Updated: Sep 29
Would you believe if I told you that time of the day influences your decision-making the boy heard himself reciting the question within the room of his mind, would you believe…?
Trying to understand each part of the book by David Kahneman Thinking Fast and Slow, the boy realised just how difficult some reads can be. What usually took him a week to do, now was dragging for over three weeks, making him feel a little discouraged and concerned about his reading abilities. Since the beginning of the year, he’s been actively reading, trying to make the infamous challenge of 52 books for 52 weeks a reality. For quite a while, meaning until this particular piece fell into his hands, he’s been on top of the challenge, quite frankly crushing it. While starting this book, he has already read over thirty others, making it well over the half necessary to pass the halfway mark on his reading marathon. But with this one, it was different. It’s good I was so much ahead he sighed now and then while struggling through the intellectually loaded pages of wisdom, at least I can slow down now and understand it properly.
The book was unlike any other. Written by the Nobel Prize winner, compounded of hundreds of experiments, thousands of days of research, and a million pieces of information, it was a heavy read to handle. The boy enjoyed its complexity, mainly because each chapter provided more ground-breaking reflections than the previous one. The author’s aim to explain and analyse the workings of the human mind has embarked on a journey into the psychological insides of the human species. Offering examples of experimental research, data-based discoveries, and real-life experiences, David Kahneman provoked the reader to look within themselves and consider the provided information within the frames of their persona. The boy was halfway through the book when the chapter committed to one’s attention, and its limited resources were introduced. Depending on the time of the day and the level of exhaustion our decisions may vary drastically he read out and stopped.
Would you believe if I told you that time of the day influences your decision-making the boy heard himself reciting the question within the room of his mind, would you believe…? Reading about the disturbing study, in which eight parole judges were reviewing applications for parole, he had a chance to experience his worldview shifting, as the author pointed out the strong bias in decision-making influenced by the level of exhaustion and the state of mind of the judges. It became obvious that admission of one’s parole was random, as it was mainly dependent on the time, at which the application was being reviewed. That’s dangerous the boy thought. He kept on reading, feeling the arising emotions. The author quickly undermined the objectiveness of any decision maker and advised a thorough fore planning of one’s daily activities. Dependent on the time of the day, the level of exhaustion, the state of the mind, or even the most recent strong emotional experience, the decision maker was more or less likely to choose fairly, objectively, and informatively. That’s why none of the big decisions should be made in the latter part of the day the boy considered, remembering the statement from one of the success stories books, in which the author offered a glimpse into his business life. None of my major decisions and cases to discuss are to be considered or executed in different than morning - before lunch, time.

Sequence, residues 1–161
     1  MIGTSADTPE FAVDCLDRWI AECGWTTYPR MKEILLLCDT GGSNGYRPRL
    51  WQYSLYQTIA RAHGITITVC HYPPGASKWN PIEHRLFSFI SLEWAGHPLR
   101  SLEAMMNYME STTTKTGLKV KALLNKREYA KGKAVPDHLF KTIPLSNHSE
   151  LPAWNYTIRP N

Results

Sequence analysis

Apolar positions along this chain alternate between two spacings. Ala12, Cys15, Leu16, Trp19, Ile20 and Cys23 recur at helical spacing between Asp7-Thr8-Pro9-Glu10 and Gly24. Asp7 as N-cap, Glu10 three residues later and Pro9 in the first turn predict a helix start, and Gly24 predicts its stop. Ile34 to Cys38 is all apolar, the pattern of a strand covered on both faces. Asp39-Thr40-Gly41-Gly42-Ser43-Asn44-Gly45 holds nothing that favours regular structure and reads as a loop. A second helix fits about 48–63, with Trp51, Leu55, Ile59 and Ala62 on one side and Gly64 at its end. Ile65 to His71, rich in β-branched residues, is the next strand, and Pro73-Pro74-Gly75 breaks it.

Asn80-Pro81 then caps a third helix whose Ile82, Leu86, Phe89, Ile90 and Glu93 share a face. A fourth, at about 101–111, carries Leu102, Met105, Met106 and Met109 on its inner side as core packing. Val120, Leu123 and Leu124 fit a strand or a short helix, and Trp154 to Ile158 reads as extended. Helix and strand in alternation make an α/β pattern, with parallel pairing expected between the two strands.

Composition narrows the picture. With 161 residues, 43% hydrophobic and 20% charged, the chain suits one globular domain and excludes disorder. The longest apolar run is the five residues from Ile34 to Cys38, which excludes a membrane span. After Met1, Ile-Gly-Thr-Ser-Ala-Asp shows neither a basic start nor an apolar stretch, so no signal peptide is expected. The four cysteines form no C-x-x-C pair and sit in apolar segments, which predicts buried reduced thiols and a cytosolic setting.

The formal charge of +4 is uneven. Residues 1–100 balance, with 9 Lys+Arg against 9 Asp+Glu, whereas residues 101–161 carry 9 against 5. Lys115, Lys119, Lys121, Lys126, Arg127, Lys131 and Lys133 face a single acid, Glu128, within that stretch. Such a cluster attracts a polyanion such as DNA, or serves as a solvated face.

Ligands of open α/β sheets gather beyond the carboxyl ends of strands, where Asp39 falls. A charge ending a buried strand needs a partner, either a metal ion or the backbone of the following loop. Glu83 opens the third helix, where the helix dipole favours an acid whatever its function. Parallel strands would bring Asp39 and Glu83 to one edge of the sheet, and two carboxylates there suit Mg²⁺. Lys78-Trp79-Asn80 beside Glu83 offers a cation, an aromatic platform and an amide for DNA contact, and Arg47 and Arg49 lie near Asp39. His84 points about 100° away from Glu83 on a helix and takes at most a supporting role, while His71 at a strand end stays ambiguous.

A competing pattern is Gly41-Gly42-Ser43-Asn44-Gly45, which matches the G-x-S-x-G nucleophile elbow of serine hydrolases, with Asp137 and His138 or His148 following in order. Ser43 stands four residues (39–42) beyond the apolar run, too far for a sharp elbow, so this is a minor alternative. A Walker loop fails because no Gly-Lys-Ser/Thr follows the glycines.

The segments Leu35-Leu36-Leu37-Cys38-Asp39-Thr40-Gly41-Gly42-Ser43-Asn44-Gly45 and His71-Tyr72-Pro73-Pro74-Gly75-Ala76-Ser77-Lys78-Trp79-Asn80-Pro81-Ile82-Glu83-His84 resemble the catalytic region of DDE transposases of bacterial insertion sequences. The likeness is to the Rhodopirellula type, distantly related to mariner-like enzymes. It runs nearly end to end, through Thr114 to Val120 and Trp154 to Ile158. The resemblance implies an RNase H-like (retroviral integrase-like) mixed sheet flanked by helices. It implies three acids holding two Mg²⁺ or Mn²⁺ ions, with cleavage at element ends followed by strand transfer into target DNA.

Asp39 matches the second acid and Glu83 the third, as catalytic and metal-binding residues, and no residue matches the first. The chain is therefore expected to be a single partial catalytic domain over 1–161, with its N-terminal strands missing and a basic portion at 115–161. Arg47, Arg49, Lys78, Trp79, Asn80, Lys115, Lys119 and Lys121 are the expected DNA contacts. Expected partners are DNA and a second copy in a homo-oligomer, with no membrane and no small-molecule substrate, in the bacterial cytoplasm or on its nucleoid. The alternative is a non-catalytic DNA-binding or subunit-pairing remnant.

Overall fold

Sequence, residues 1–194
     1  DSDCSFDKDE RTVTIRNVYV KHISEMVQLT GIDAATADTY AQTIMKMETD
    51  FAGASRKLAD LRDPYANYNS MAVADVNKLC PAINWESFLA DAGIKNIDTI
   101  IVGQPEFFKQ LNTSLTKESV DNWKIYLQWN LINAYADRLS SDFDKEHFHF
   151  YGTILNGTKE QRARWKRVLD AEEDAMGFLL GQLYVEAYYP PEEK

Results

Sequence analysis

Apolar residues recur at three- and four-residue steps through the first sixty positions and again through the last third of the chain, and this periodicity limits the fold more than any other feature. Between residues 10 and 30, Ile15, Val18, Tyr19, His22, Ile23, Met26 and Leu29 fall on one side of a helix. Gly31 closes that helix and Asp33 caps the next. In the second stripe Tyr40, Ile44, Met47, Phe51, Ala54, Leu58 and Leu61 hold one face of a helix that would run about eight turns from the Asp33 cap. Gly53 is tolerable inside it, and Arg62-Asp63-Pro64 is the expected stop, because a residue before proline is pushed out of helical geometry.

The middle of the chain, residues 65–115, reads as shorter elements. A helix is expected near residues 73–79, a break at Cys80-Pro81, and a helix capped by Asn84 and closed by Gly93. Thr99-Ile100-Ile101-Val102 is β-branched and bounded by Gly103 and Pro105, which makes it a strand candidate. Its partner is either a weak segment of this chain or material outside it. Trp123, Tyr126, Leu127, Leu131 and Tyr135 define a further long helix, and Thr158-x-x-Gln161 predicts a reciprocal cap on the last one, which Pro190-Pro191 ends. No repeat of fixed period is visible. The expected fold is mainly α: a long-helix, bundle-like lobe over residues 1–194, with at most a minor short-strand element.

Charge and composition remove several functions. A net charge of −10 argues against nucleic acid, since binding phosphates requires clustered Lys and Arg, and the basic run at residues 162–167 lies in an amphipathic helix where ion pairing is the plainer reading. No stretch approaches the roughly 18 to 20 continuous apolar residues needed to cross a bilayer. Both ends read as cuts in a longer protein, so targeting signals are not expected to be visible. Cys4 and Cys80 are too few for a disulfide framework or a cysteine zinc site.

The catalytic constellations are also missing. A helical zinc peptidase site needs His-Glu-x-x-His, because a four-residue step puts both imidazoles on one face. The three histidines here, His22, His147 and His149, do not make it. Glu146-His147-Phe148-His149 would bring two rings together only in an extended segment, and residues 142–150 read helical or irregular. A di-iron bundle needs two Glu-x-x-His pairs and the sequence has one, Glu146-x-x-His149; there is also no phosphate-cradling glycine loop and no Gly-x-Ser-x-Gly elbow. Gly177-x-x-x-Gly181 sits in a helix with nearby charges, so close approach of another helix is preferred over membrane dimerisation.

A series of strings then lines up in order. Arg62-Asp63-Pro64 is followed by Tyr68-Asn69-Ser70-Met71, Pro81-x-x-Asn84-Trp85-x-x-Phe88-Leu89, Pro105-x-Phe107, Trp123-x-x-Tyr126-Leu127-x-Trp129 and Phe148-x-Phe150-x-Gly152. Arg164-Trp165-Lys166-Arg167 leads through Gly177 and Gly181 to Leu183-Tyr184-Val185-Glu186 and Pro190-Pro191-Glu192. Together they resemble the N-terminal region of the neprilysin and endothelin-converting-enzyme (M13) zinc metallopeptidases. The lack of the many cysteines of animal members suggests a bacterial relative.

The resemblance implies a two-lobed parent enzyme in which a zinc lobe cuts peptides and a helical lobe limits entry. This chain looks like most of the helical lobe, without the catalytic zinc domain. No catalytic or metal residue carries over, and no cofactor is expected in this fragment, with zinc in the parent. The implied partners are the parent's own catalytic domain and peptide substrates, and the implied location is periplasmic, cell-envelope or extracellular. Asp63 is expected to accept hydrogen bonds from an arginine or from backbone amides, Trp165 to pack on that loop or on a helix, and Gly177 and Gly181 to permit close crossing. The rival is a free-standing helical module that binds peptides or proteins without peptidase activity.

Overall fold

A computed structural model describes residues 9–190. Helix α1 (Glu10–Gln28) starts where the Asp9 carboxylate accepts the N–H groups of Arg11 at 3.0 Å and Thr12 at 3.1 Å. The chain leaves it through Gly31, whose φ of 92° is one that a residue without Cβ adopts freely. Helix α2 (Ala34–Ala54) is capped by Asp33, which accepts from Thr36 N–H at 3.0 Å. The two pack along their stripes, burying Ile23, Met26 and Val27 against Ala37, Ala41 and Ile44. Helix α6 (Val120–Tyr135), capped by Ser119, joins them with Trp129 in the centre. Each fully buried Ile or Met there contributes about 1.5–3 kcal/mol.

The boy pondered on the subject, looking at his daily routine presenting itself on the screen of his mind. Which of the choices and decisions can I shift for the morning rather than let my unconsciously tired mind call the shots he asked himself, which of the decisions should be postponed for the following day…?
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